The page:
Feb 2nd, 2019, 08:08 PM

Film Review: On the Basis of Sex

By Tatum McDonald
On the Basis of Sex poster. Image Credit: Focus Features
The film about the Notorious R.B.G. that shows just how far we've come.

On the Basis of Sex, or Une Femme d'Exception as it is known in France, is the most recent project of director Mimi Leder. It recounts the life of Supreme Court Justice Ruth Bader Ginsburg and how she paved the way for the women who came after her. Justice Ginsburg is played by Oscar nominee Felicity Jones, who is known for her work in The Theory of Everything and Rouge One: A Star Wars Story. With a screenplay written by Ginsburg's nephew, Daniel Stiepleman, the film feels remarkably authentic and seems to breathe as if it were a living thing.

Jones masterfully captures the quiet strength and determination that defines Ginsburg's public persona. The story follows Ginsburg through her stint at Harvard, her relationship with her husband Martin (Armie Hammer), her unfruitful job search, and the case that jump-starts her career. The trials she faces seem both otherworldly, yet eerily comparable to problems women face today. It has been over two decades since Ginsburg was appointed to the U.S. Supreme Court and while there are more women in positions of power than ever before, they are often still judged on things deemed unimportant when it comes to their male counterparts. While these obstacles are highlighted, they do not overshadow Ginsburg's extraordinary achievements nor her inspiring life story. 

Jones as Ginsburg at Harvard dinner party, Image Credit: Focus Features

The film itself is a piece of art. Although it lacks a strong emotional punch, it still gracefully tells the story of a brilliant, resilient young woman and her devoted husband. The beauty of the film comes from the consistency of the aesthetics. In almost every shot, you can see some shade of blue, a color often connected to intelligence and authority. Steel blue on her first day of class and as the color of her typewriter. Teal blue when she's attending a dinner hosted by the Dean of Harvard being asked why she is occupying a spot that could have been given to a man. Midnight blue when she has the breakthrough that becomes the catalyst of her career. By using the colors in Ginsburg's dress to communicate a message, the film mirrors something often done by women in positions of power. Throughout the film, Ginsburg keeps her cool in the face of many men who hoped to see her fail, always speaking in a voice full of power and intellect, matching the blue of her ensemble.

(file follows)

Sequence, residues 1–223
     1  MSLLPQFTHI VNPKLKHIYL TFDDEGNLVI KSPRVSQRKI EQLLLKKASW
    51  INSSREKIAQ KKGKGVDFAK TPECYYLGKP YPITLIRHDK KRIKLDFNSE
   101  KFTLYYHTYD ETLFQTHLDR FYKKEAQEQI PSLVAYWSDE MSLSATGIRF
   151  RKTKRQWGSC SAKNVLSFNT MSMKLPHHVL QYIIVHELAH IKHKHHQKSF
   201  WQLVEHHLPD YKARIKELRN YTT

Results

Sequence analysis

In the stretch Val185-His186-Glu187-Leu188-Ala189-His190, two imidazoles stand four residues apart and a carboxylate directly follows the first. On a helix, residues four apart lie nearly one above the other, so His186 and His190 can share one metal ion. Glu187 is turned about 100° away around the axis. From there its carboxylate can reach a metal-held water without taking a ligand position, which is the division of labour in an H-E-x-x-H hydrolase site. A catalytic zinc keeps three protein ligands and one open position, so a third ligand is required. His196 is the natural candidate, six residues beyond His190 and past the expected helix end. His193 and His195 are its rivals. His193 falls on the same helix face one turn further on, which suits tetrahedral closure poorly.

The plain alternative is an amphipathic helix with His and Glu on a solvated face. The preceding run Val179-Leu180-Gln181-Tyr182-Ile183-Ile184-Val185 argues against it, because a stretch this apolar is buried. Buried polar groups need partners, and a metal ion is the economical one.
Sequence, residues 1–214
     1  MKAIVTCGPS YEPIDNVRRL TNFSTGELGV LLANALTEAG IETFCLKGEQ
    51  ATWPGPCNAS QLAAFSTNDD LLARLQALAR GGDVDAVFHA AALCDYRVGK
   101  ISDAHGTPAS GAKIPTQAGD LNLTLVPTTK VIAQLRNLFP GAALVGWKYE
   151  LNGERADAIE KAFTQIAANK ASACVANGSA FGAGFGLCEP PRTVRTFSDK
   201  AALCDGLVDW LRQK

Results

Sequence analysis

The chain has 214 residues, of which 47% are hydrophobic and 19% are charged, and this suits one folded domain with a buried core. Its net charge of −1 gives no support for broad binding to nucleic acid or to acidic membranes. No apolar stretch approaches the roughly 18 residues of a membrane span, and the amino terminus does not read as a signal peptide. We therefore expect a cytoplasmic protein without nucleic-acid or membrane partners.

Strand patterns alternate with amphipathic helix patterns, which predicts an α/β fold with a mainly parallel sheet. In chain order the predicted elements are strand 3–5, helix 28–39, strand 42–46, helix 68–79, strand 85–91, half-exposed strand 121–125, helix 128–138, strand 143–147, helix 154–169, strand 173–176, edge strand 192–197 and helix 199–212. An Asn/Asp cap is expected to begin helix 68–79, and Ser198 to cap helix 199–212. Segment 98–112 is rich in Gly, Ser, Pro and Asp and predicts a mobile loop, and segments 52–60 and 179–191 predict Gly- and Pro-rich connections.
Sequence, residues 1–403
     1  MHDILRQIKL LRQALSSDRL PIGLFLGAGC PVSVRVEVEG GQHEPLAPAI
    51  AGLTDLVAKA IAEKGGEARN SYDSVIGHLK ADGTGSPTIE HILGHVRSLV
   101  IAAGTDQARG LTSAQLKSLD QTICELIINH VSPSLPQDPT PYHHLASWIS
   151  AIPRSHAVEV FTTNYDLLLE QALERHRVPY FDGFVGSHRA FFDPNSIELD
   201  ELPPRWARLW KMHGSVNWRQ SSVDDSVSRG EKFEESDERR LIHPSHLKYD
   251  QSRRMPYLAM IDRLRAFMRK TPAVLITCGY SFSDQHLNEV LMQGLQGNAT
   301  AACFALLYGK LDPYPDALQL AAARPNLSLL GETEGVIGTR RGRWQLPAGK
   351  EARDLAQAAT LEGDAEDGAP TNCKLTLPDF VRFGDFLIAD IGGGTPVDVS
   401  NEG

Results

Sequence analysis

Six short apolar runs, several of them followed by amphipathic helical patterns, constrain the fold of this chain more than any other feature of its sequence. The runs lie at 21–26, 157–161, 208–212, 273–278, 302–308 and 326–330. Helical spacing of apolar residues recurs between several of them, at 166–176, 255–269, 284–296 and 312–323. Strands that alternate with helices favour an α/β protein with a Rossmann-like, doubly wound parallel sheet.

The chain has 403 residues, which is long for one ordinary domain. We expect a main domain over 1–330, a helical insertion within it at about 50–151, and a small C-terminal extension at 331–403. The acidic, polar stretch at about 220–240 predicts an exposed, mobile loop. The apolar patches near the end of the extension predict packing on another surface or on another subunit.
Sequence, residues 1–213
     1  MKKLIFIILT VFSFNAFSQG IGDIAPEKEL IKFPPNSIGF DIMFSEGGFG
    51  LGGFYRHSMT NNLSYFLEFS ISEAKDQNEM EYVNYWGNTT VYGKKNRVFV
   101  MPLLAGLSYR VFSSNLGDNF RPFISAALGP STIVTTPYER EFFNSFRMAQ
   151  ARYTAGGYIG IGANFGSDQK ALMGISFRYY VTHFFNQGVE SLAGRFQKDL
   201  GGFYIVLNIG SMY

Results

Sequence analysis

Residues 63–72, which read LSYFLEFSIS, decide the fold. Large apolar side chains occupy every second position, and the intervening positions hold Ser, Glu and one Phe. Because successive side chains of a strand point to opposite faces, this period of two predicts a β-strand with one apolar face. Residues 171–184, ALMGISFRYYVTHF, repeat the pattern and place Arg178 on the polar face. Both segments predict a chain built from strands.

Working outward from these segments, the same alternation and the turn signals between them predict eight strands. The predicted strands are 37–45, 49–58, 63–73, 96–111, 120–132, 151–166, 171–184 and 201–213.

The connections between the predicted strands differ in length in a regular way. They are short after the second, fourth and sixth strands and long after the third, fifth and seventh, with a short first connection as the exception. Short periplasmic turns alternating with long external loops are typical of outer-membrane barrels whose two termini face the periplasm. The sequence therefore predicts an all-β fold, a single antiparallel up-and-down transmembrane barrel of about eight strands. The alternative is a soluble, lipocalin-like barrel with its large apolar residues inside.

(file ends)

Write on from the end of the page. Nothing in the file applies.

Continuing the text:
It's clear that Ginsburg's family is an integral part of her story and her success. For every scene there is about the law, there is another showing the relationship between Ginsburg and her husband, Martin. In an interview with The A.V. Club, Stiepleman talks about how a part of his vision for the project was to tell a story about a marriage with "real equality." Martin spends the entire film in Ginsburg's corner. After bringing her the tax case that the story revolves around, Charles E. Moritz v. Commissioner of Internal Revenue, he doesn't leave her side. His support is unwavering when she is nominated for a spot on the supreme court, campaigning for her confirmation when she wasn't allowed to.

Jones, Bates, and Spaeny, Image Credit: Focus Features

Equally important to Ginsburg's relationship with her husband, is the one that she shares with her daughter. At one point, Ginsburg takes her daughter, Jane (Caliee Spaeny), to visit Dorothy Kenyon (Kathy Bates), another attorney fighting against discrimination from a past generation. As the three of them stand together in the hallway, we see the past, the present, and the future of the fight against discrimination on the basis of sex. These moments of love between husband and wife and mother and daughter do evoke an emotional warmth, but I left the theater wanting more. I wanted the story to knock me off my feet. I wanted her final speech to take my breath away. Unfortunately, it didn't carry the weight that I was hoping for. It seemed as if Stiepleman was trying to ride on the emotions connected to the politics rather than to the story itself.

While the film left me craving something deeper, all I had to do when I left the theater was look at any piece of news for emotional satisfaction. I could watch Sen. Kyrsten Sinema, the first openly bisexual congresswoman, be sworn into office by Mike Pence or read anything about Rep. Alexandria Ocasio-Cortez's rise to power. As a film telling the story of a woman who got rejected from at least 12 law firms because of her sex, this movie couldn't be better timed. Watching Ginsburg fight to be taken seriously at the same that a record number of women were elected to seats in the 116th U.S. Congress highlights just how far we've come. But, the fact that the record number is only a mere 23.7 percent shows just how far we have to go.

After almost 26 years on the bench, Supreme Court Justice Ruth Bader Ginsburg has been through four U.S. presidents, three bouts of cancer, two broken ribs, and is still standing her ground in the face of many who want to see her step down. She has prospered for years fighting against discrimination. The final scene in the movie shows Justice Ginsburg under the motto inscribed on the face of the Supreme Court Building, "Equal Justice Under Law," a shot that perfectly frames the path of her life.

ON THE BASIS OF SEX - Official Trailer [HD] - In Theaters This Christmas